In the cellar, "there were two washing machines, two dryers, rubbish barrels, electric meters, a hot-water heater, and a chair." After "searching the cellar for . . . ten to fifteen minutes . . . Officer Currier looked into an area behind a facia board between the cellar ceiling and the floor boards of the apartment above." This "area . . . was completely exposed without insulation." There Detective Currier found a brown paper bag, the edge of which was visible. In the bag there were three cardboard boxes, containing packages of foil covering bags of what (when tested there by the officers) proved to be heroin. The bag was replaced where it had been found. At the time of its discovery, the officers did not know who owned the heroin or who had placed it there.

One of the officers removed the police automobile from the front of the building, and they concealed themselves, one in a small storage area below the rear entry of the building and one behind an automobile in the parking area. They

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commenced surveillance of the premises. Thomas drove into the parking lot about 2:30 A.M., went to an upper floor and (about 2:45 A.M.) "came down into the cellar." He "got up on a chair and put an unidentified object . . . among the [first] floor joists." He was observed looking into the brown paper bag which the police officers already had found. The officers arrested Thomas in the cellar. No heroin was found on his person. Following the arrest, the officers removed two packages from the floor joists above the cellar. They contained 1,075 glassine bags of heroin, later admitted in evidence at trial.

"The cellar of the apartment building, the washing machines, and dryers were for the use of the tenants and not for use by the general public." The trial judge found "that the officers did not break and enter the . . . building as the door . . . was opened . . . but that they did commit a trespass."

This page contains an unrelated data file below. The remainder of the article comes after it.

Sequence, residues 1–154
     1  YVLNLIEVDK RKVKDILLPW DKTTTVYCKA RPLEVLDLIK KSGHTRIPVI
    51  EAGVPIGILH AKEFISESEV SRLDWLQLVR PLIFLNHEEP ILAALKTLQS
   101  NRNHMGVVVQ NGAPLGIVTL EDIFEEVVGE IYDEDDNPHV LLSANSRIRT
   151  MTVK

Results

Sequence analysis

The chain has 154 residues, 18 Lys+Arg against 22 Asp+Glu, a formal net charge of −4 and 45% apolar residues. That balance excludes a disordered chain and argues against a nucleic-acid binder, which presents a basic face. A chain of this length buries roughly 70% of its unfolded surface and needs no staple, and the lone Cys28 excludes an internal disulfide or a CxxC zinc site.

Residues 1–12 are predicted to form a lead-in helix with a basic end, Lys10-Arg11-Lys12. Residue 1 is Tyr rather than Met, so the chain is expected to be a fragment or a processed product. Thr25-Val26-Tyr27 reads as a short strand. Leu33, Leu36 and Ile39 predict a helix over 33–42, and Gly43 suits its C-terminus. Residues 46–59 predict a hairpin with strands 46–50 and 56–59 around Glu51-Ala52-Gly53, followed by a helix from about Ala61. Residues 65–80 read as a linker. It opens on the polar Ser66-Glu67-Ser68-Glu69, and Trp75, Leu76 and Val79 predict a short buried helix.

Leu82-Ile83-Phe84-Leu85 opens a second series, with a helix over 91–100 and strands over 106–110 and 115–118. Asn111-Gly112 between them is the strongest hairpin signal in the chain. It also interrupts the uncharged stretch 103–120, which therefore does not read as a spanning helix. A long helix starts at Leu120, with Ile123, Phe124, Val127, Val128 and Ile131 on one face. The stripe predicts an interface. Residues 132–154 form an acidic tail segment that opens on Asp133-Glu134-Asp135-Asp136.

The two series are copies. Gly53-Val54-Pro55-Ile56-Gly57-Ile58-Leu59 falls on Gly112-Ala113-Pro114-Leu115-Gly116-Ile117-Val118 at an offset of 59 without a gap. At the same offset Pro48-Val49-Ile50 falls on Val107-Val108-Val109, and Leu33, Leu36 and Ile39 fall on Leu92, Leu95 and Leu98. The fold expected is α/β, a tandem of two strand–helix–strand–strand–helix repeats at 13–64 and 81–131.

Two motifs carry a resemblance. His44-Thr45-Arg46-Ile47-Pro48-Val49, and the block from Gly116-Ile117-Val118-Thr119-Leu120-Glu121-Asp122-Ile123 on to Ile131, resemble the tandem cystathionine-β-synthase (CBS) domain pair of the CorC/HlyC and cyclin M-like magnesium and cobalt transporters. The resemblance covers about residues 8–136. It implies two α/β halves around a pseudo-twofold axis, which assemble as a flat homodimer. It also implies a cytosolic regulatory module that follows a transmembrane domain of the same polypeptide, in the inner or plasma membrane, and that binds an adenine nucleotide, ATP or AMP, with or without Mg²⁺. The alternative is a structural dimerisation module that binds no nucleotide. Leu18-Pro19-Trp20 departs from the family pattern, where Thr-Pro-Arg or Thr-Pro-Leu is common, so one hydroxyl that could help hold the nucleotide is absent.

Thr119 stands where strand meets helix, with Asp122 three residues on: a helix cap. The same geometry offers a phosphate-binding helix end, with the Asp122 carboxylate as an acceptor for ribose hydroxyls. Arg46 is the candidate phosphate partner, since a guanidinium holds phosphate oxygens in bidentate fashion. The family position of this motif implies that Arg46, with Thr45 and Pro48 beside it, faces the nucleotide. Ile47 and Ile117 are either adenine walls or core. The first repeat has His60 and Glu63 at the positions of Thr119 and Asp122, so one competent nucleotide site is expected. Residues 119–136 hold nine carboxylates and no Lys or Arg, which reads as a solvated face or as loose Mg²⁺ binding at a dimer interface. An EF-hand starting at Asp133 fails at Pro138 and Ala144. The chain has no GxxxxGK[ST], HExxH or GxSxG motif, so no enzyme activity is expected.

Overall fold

1. The report to narcotics officers by an informer that "stuff" was stored in a particular place reasonably imported that illegal narcotics were there stored. The offences here charged, viz. possession of heroin and possession of heroin with intent to sell, obviously are extremely serious in the their impact upon the public safety and health. Reasonable suspicion of such offences called for intelligent, prompt, and effective police action, comparable to that expected of the police in serious crimes of violence. Cf. G. L. c. 111, Section 9 (see also c. 94, Sections 35, 60), giving drug inspectors authority to enter certain premises in aid of law enforcement; Thurlow v. Crossman, 336 Mass. 248 , 250-252. See also Commonwealth v. Murphy, 353 Mass. 433 , 437-438; Carlisle v. Department of Pub. Util. 353 Mass. 722 , 723-725. Even if the information available to the officers was not sufficient to amount to probable cause, it was their clear duty to make prompt, reasonable investigation. Cf. Ballou v. Massachusetts, 403 F. 2d 982, 984-985 (1st Cir.), cert. den. 394 U.S. 909.